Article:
// Check that we have a stored value for the installed database version
if(!Ti.App.Properties.hasProperty('installed_db_version')){
  // if not, the database has never been created
  createDB();
} else {
  var installed_version = Ti.App.Properties.getInt('installed_db_version');
  if (c.current_version > installed_version){
    Ti.API.info("Performing an upgrade from database version "+old_version+" to version "+c.version);
    var db = Ti.Database.open(c.name);
    // We need to do an upgrade to the new version based on the old version.
    // We'll do this incrementally adding in all the changes since the installed
    // version was created.
    switch(installed_version) {
      case 1:
        db.execute("REPLACE INTO daily_data (source,start,duration,flux_1000_300000,error_1000_300000,ul_1000_300000," +
        "flux_300_1000,error_300_1000,ul_300_1000,flux_100_300000,error_100_300000,ul_100_300000,test_statistic)" +
        "VALUES (1,56000,86400,10,1,0,9,2,0,1,0.5,0,32)");
        db.execute("REPLACE INTO daily_data (source,start,duration,flux_1000_300000,error_1000_300000,ul_1000_300000," +
        "flux_300_1000,error_300_1000,ul_300_1000,flux_100_300000,error_100_300000,ul_100_300000,test_statistic)" +
        "VALUES (1,57000,86400,12,2,0,10,1.5,0,2,0.5,1,32)");
      case 2:
        db.execute("DELETE FROM " + c.T_DAILY);
        db.execute("DELETE FROM " + c.T_WEEKLY);
        Ti.App.Properties.setString('last_lc_data_update','0');
      case 3:
        db.execute(DATABASE_CREATE_GCN);
        Ti.App.Properties.setString('last_GCNNotice_date', '0');
      case 4:
      ...
      ...
      default:
        Ti.App.Properties.setInt('installed_db_version',c.current_version);
        break;
    }
  db.close();
  }
}

In version 1, I was using some dummy data that I was setting explicitly.  In version 2, I had updated the code to get the data from a web service so I needed to remove all the old data and add a stored variable to track the date of the last data point.  In version 3, I added a table to the database and an internal stored variable to track the date that data was last updated.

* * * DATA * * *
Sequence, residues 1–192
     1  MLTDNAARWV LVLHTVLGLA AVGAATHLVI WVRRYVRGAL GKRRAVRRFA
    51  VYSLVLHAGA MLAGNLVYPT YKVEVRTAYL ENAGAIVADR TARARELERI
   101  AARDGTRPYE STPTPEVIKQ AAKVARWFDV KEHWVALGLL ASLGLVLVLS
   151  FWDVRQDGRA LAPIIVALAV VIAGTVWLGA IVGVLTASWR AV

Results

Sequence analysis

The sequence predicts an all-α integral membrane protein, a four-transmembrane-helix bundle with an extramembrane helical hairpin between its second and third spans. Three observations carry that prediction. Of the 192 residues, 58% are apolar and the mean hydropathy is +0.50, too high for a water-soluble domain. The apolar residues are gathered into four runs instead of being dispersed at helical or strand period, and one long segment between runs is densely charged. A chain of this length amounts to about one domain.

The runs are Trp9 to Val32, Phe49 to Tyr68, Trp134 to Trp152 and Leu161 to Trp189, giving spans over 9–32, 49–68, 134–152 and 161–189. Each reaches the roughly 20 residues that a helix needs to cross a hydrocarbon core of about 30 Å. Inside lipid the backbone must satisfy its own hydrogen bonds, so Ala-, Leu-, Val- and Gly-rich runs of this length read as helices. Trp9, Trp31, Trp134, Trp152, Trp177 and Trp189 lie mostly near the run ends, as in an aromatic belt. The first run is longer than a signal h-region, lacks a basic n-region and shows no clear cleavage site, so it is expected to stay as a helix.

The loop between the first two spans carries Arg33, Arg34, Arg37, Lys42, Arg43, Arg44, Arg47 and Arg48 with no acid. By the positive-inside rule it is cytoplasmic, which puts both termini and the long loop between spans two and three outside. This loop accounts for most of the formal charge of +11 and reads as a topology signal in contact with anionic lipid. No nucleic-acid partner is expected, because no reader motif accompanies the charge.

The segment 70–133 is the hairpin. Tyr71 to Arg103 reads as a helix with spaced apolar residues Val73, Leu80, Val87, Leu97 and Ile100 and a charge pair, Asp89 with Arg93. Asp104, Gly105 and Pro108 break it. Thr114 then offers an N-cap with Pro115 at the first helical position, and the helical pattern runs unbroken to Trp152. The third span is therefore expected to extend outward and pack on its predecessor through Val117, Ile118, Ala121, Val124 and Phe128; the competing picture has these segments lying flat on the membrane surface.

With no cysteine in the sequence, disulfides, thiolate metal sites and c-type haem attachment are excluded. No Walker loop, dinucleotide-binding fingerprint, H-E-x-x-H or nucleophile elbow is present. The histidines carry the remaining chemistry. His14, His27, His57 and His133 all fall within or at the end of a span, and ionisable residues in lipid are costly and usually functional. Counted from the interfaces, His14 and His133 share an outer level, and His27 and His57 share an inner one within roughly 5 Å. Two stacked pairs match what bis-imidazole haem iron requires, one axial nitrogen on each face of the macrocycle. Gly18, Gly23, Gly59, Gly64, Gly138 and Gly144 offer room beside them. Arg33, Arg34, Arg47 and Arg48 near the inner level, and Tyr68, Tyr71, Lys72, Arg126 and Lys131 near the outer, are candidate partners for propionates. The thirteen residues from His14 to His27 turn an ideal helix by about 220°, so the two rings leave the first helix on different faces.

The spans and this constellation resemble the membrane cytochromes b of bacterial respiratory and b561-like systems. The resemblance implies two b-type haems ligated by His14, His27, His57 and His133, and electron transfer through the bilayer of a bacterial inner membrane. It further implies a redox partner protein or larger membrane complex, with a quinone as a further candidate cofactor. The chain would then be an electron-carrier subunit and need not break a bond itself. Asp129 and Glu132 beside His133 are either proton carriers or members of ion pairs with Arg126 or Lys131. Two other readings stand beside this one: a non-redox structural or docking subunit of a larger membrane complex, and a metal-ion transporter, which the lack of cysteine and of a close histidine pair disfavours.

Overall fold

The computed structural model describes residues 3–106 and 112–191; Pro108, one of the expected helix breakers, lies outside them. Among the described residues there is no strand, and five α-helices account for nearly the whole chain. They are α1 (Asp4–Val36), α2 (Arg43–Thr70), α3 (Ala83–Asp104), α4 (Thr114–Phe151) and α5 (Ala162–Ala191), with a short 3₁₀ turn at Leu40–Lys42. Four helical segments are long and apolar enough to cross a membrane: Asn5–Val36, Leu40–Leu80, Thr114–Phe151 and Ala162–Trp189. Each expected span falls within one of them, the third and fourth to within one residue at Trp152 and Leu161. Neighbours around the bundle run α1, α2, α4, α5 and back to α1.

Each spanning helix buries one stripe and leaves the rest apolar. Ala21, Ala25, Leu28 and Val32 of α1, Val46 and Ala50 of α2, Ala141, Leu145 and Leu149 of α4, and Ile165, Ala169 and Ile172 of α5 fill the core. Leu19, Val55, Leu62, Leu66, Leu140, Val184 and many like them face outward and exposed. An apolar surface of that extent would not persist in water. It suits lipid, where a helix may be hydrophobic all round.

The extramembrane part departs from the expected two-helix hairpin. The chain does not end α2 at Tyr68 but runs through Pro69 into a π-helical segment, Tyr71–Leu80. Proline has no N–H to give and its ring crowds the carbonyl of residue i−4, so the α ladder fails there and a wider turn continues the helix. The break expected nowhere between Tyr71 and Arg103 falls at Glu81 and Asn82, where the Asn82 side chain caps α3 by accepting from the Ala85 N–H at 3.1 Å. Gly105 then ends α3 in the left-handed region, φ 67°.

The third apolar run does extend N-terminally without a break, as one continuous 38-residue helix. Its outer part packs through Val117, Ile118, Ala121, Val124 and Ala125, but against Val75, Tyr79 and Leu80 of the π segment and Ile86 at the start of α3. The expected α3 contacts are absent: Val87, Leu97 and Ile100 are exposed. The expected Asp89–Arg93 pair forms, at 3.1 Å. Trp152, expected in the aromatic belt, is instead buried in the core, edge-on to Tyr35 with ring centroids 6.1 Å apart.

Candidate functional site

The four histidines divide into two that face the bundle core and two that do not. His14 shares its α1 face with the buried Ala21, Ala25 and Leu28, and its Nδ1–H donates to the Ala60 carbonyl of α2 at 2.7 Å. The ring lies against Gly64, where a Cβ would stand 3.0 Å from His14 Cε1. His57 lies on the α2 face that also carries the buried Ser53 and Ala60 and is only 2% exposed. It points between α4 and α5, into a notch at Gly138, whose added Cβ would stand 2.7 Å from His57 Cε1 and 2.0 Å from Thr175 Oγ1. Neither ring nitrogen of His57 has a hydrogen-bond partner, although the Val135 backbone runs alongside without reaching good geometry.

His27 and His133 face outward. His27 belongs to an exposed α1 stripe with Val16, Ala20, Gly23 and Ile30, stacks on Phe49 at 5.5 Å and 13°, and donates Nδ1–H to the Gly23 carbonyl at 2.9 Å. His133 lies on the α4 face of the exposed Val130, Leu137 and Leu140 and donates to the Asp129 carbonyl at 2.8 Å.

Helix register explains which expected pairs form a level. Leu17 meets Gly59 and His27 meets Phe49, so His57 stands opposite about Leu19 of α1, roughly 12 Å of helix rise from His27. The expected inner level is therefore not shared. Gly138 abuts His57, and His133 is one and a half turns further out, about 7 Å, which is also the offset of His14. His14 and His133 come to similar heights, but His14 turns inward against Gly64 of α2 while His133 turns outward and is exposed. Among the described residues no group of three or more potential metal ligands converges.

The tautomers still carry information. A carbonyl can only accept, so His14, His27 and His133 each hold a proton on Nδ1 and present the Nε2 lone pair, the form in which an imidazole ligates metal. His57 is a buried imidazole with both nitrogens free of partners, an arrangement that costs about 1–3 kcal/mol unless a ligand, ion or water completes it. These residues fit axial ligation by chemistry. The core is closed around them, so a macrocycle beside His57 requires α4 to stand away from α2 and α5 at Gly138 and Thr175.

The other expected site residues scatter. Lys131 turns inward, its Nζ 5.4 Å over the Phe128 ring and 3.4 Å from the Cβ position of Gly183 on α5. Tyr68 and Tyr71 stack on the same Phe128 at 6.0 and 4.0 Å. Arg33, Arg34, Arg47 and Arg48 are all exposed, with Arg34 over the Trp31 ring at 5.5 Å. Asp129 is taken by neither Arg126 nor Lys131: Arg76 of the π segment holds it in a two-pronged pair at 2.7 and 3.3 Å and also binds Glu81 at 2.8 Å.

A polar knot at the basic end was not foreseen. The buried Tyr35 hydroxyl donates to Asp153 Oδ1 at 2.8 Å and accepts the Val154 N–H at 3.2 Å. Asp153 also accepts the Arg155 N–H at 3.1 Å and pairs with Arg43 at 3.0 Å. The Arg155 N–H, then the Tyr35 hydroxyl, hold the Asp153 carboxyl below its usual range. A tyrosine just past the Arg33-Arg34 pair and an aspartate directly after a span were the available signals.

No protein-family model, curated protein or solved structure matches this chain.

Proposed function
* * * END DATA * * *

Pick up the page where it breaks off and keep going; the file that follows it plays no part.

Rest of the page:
At the beginning of the code block, I check to see if the database is installed at all.  If not I call a createDB() function.  This function simply contains the code that creates the current version of the database schema.  Another option would be to just set the installed_version to 0 and have a case 0: block that creates the original database schema that all the modifications are applied to but I believe it is faster and cleaner to just create the current schema rather than run through all the old ones applying one updated at a time.  While probably not an issue if you only have a few changes, as the number of modifications grow, so does the time involved in the creation of the new database.

And there you have it.  A simple straightforward way to make sure that your database updates go smoothly across updates of your application code.

One final note is that you don’t have to call this each time the app runs, but only the first time the database is used.  Now I suspect in most cases, the database is used every time the application is run but if there are sections of your app that don’t use the database, this check can be delayed until first use of the database.  This allows the app to load up a bit faster, although the difference may not be noticeable.


[1] There is a fourth possibility and that is that current_version is less than installed_version.  But if you’re properly incrementing current_version then this should never happen unless you roll back a distributed version of your application.  If you do that, all bets are off and you’ll need to find another way to handle the update.  Of course this is only a worry if the older code can’t work with the newer schema.